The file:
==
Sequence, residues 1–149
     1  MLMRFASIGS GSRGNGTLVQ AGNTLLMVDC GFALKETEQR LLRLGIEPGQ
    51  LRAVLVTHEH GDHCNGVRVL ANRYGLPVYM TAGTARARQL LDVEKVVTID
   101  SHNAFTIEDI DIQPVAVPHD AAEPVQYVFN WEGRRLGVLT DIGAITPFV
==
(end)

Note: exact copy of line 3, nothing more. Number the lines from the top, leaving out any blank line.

    51  LRAVLVTHEH GDHCNGVRVL ANRYGLPVYM TAGTARARQL LDVEKVVTID